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BRANCHING OUT – Many women still find that the so-called glass ceiling in American workplaces is tough to crack.
Susan Baker cut through it with a chain saw. A week ago, Baker reported for work as the city of Modesto’s first woman tree trimmer – as in, first one ever. Think of her as Modesto’s own Paul – make that Paula – Bunyan, sans the Blue Ox.
She worked for the past few years as a part-time crew member, hauling brush on the ground as the trimmers – always men – cut away from above. But with encouragement from city Solid Waste Manager Jocelyn Reed and Forestry Supervisor Mike Hoesch, Baker received her certification to go up into the cherry pickers and handle the chain saw. It simply took longer than expected because she suffered a setback.
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“I broke my foot pulling brush and had to go into the office,” Baker, 43, said. So after nine months of healing and rehab, she returned to the ground. “I’ve always wanted this. But when that happened, I thought that might have done it for me.”
Not a chance. Baker really wanted it to happen. Reed wanted to break ground. So did Hoesch. So now she is officially a full-time trimmer, switching off with crew leader Jose Rodriguez in the treetops. Both are studying to become full-fledged arborists, meaning having a complete knowledge of tree types and respective needs along with soil types and other vital facts.
“I take the morning until the break, then she goes up until lunchtime,” Rodriquez said. “The guys like working with her. She has the will to learn. She’s getting the hand of how to drive the aerial (bucket). That is half the battle.”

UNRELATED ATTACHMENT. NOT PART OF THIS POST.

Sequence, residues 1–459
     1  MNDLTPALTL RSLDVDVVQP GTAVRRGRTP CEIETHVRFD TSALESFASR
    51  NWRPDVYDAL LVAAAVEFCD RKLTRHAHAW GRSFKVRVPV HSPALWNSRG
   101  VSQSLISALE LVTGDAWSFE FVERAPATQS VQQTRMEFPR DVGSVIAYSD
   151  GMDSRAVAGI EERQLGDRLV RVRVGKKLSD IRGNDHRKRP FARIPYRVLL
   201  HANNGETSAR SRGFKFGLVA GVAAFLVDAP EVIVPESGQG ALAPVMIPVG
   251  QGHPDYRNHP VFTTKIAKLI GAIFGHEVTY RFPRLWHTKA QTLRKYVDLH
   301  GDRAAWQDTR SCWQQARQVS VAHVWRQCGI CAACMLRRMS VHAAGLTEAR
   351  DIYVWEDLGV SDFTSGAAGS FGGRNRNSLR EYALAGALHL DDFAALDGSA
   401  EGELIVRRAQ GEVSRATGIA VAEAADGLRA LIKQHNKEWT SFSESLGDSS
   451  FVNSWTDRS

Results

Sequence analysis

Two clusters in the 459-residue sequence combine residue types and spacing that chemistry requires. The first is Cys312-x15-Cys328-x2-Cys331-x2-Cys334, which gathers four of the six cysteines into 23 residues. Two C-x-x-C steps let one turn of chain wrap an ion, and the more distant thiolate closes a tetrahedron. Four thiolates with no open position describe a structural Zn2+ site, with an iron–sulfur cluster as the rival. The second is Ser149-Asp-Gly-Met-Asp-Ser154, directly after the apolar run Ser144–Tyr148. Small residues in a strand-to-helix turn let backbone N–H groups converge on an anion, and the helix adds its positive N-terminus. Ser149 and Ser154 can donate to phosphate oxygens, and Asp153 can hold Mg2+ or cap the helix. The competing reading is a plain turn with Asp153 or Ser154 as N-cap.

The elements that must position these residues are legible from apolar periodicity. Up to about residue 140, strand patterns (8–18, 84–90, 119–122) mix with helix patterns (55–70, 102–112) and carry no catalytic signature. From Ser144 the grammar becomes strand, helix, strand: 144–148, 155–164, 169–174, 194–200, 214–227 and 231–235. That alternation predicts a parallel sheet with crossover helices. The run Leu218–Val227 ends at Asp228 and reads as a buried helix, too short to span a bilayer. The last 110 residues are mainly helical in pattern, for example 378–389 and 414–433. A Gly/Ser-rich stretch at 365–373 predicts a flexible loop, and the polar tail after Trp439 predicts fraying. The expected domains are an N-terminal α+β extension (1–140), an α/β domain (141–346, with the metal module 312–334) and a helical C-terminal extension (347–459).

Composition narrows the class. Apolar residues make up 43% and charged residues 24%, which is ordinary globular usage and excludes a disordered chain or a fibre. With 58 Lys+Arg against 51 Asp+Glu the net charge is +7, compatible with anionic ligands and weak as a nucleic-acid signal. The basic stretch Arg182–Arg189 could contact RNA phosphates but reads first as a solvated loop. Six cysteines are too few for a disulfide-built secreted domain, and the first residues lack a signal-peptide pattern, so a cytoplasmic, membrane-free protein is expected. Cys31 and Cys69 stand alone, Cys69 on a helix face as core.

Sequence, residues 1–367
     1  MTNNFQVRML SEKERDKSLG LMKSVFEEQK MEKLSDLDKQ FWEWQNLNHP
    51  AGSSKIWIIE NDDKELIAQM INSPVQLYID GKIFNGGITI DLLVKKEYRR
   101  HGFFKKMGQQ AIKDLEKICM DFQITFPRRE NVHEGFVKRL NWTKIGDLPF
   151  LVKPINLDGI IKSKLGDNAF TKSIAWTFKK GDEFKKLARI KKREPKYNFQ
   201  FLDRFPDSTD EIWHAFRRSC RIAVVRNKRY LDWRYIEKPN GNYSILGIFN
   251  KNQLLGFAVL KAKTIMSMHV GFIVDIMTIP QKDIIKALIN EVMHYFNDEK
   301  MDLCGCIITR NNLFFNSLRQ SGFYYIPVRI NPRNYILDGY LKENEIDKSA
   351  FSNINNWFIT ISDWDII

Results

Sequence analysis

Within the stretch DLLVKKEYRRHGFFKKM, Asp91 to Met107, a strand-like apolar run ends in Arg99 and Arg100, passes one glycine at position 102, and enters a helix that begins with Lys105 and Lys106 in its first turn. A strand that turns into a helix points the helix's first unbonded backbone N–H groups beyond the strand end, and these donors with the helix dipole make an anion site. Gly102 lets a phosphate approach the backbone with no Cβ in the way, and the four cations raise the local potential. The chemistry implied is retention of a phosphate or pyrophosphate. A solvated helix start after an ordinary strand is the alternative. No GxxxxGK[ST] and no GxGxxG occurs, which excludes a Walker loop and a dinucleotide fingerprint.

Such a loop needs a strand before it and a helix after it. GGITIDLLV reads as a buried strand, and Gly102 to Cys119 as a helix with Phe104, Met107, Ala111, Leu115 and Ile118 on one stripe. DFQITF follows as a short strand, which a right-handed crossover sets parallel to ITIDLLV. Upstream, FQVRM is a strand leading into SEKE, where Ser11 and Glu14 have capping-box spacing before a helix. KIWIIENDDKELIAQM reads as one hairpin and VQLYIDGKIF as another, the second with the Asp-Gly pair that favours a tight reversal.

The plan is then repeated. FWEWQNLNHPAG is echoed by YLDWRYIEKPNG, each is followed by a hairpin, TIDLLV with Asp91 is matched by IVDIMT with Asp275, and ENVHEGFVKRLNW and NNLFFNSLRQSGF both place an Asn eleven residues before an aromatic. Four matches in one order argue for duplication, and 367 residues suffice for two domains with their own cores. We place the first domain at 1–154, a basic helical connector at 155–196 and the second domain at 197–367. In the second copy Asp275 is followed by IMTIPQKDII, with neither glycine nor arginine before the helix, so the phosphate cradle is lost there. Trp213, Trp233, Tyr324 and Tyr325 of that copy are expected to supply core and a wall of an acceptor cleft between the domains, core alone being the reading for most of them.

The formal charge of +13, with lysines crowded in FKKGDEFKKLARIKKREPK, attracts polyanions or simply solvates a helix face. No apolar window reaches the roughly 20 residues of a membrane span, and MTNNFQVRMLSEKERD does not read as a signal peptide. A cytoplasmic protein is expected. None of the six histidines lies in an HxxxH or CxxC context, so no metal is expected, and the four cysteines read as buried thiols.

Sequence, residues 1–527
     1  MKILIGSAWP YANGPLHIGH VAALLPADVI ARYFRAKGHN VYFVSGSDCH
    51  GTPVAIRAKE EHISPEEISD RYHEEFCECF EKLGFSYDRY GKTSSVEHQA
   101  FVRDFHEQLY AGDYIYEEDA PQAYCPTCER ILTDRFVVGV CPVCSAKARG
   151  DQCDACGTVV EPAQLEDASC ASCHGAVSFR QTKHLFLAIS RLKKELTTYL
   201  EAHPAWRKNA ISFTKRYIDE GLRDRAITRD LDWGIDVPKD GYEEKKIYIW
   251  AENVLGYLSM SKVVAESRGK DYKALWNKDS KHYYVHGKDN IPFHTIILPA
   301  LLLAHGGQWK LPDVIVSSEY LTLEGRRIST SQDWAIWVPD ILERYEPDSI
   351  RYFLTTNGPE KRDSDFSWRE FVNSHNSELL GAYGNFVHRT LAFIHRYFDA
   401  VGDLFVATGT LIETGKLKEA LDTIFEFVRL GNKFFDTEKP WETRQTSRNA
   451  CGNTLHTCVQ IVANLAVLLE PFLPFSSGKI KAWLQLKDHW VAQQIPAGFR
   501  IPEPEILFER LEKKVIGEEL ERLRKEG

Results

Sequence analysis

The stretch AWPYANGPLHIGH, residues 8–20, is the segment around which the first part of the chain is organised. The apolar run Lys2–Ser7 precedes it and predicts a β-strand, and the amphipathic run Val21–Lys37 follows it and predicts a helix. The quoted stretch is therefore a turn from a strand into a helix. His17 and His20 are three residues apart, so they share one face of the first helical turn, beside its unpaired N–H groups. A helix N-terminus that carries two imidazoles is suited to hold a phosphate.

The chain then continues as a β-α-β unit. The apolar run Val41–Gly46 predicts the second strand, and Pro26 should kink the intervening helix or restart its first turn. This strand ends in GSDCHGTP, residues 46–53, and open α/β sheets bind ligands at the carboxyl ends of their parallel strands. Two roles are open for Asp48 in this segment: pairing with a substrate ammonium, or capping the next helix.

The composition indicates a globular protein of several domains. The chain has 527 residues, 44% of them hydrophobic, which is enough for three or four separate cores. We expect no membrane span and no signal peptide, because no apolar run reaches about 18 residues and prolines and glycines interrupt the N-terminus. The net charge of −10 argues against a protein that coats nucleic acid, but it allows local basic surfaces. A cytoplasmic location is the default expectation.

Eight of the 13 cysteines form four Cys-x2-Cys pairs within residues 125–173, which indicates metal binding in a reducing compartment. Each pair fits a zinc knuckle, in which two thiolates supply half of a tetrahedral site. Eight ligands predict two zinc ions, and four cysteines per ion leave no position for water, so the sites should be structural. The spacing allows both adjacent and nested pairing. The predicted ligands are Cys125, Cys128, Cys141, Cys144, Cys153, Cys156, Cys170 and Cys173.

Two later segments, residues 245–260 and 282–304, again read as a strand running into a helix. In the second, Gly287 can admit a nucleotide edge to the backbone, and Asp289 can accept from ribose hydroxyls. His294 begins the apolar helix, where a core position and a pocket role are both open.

The other half ... .
THE ENVELOPE, PLEASE ... – We’re always proud of our alumni. Congratulations to former Bee reporter Christina Salerno. She is a producer and editor at TVW, a public affairs station that would be the state of Washington’s equivalent of C-SPAN. Saturday night, she picked up an Emmy Award from the National Academy of Television Arts & Sciences’ Northwest Region for her work on a documentary titled “Flight plan: Charting A Course for Drones in Washington.” It investigated the impact of drones and privacy issues.
Her TVW team won against competition that included Seattle’s public broadcasting station and local network affiliates in Washington, Oregon, Alaska, Montana and Idaho.
Salerno graduated from Beyer High School in 2000 and from Sacramento State in 2005. She hired on at The Bee in 2005, covering the police beat and general assignment before moving to business, where she produced award-winning stories on the closure of the Hershey plant in Oakdale. She then went on to get her master’s degree in documentary film and digital media from UC Berkeley before moving to Washington. Her husband, Adam Ashton, also is a former Bee reporter and editor who has won awards for his coverage of the military at McClatchy’s Tacoma News Tribune newspaper.
Also, Univision reporter Alejandra Quezada and cameraman Carlos Rodriguez won Emmys in the Spanish-language category Saturday night in the Northern California Region event in San Francisco.
THINK SUCCESS – Gail Wilson wants you to think about succeeding. So her Successful Thinkers Network is bringing in motivational speakers to explain how to do just that. The group meets at 11:30 a.m. Tuesday in, appropriately, the meeting room of the Round Table Pizza at 3848 McHenry Ave. in Modesto. The speaker will be interpersonaldynamics coach Adanech (Addie) Begashaw.
The June 16 meeting features fulfillment coach and writer Maura Torkildson, who will talk about helping people use their inner experiences as resources for action.
The events are free and open to the public. Contact Wilson at (209) 712-8997 or visit www.SuccessfulThinkersNetwork.com for more information.
IN NEED OF DOCENTS – Railtown 1897 State Historic Park in Jamestown is looking for a few more good docents. Training sessions are scheduled for Saturday and June 20, 9 a.m. to 1 p.m. each day. Contact the museum at (209) 984-3953. Meanwhile, the lack of available volunteer docents has forced the Mariposa Museum & History Center to alter its hours on Tuesdays and Wednesdays. The museum, at 5119 Jesse St., is open seven days a week. Because of the shortage of docents, it will now be open from noon to 4 p.m. on Tuesdays and Thursdays, maintaining the normal 10 a.m. to 4 p.m. hours the rest of the week.
Anyone interested in becoming a docent can contact Tom Phillips at (209) 966-2924.